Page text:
How are you adjusting to the new school year? Our family is assimilating as best as we can with the recent changes to policies/procedures regarding Covid-19. Despite my opinions and thoughts expressed in this post, my full support is behind every parent’s decision to either send their child to school or keep their child at home.
Our children are experiencing school a whole new way in 2020. From full-time mask wearing to social distancing with plastic partitions, classrooms look very different. The reason we chose to send our children into school is because our town is at low risk for Coronavirus cases. Also, my daughters were not the biggest fans of distance learning in the spring. We feel safe sending them to school each day.
Despite the changes in the classroom and school policies, my daughters are still excited to go to school. Personally I find it hard to believe my daughters feel as comfortable as they did last September. Day after day, they return home with a smile and tales of their adventures in first grade and preschool.
Adjusting to the New School Year’s Continuously Changing Rules
Today is a big day for Ailey in preschool. It’s the FIRST day that all children, three and up, are required to wear masks in school in Connecticut. Truthfully, she is not happy about the change in her daily routine. I know the teachers are nervous about the change as well. Social interaction at an early age is beneficial for child development. It helps children develop strong language skills, creativity, empathy, communication and confidence. We all hope the placement of a mask on everyone’s face, young and old, will not hinder our children’s development.
As a former first grade teacher, I know all about the need for social interaction in a classroom. During any class meeting on the rug, my 6-7 year olds would carefully watch my facial expressions – a smile for good news or a stern mouth for a behavior update. It’s very difficult to read someone’s mood by their eyes, but our children are learning this year. Teachers are going above and beyond to show expression behind a mask.
How Social Interaction Differs in the New School Year
A child’s favorite part of the day is when they can interact with one another. Whether it is buddy reading around the room or math games with a partner, kids look forward to being with their peers. They learn from their classmates and thrive from interaction.
This year Annabelle says she can’t work with a partner in class, but she enjoys playing at recess with her friends. The children wear masks on the playground unless they can maintain six feet apart. Despite the lack of classroom interactions, she continues to come home happy.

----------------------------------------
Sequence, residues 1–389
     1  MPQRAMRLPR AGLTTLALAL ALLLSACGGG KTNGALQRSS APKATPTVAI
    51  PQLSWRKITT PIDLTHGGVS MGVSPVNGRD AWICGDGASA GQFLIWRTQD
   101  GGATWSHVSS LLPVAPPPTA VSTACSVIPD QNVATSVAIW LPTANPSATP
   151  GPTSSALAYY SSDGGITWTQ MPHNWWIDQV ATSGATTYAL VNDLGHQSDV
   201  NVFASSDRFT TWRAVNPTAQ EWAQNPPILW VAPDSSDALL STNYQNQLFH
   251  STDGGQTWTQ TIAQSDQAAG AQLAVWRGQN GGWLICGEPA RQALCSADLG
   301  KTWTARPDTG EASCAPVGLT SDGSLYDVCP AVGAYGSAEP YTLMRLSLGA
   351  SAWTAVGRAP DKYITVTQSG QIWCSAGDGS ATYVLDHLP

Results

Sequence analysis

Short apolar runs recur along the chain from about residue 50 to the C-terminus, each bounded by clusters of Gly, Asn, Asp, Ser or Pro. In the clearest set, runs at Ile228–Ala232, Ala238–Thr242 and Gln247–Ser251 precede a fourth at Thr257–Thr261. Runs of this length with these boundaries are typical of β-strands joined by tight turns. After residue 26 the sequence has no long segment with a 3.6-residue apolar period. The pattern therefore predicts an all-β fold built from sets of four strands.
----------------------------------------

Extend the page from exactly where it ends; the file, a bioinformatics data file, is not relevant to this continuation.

Both of my daughters are social butterflies with the gift of gab. They love their friends, but have been told, “Shhh” when their classroom whispers became disruptive more than a few times. I can’t help but wonder, Perhaps the girls will pay more attention to lessons if they cannot whisper with friends? Time will only tell for not just my daughters, but the children of our country.
The truth is – I may be having a harder time adjusting to the new school year than my children.
No one truly knows how the COVID-19 pandemic and the lost socialization opportunities will affect kids. According to Dr. Jennifer Wojciechowski, a clinical child psychologist at Sharp Mesa Vista Hospital: kids are malleable and resilient. Dr. Wojciechowski also states “Worrying may not be the best use of our time at the moment.” She says, “Instead, parents should try to focus on how to improve each day for yourself and your children, and how to find joy in these small moments together.”
The best thing parents can do during this different time in our lives is STAY POSITIVE. Children pick up on the emotions of others, especially their parents, so I try to exude confidence in the changes, instead of fear. It’s also important to keep the conversation about Coronavirus open with your children. Dr. Wojciechowski advises parents to “engage their children in developmentally appropriate conversations and explanations… providing general information about the virus, explaining safety recommendations, recognizing and labeling emotions, and helping kids understand how to cope.”
My ultimate hope is our society stays healthy, our children stay happy, and the pandemic is nothing but a strange memory sometime soon.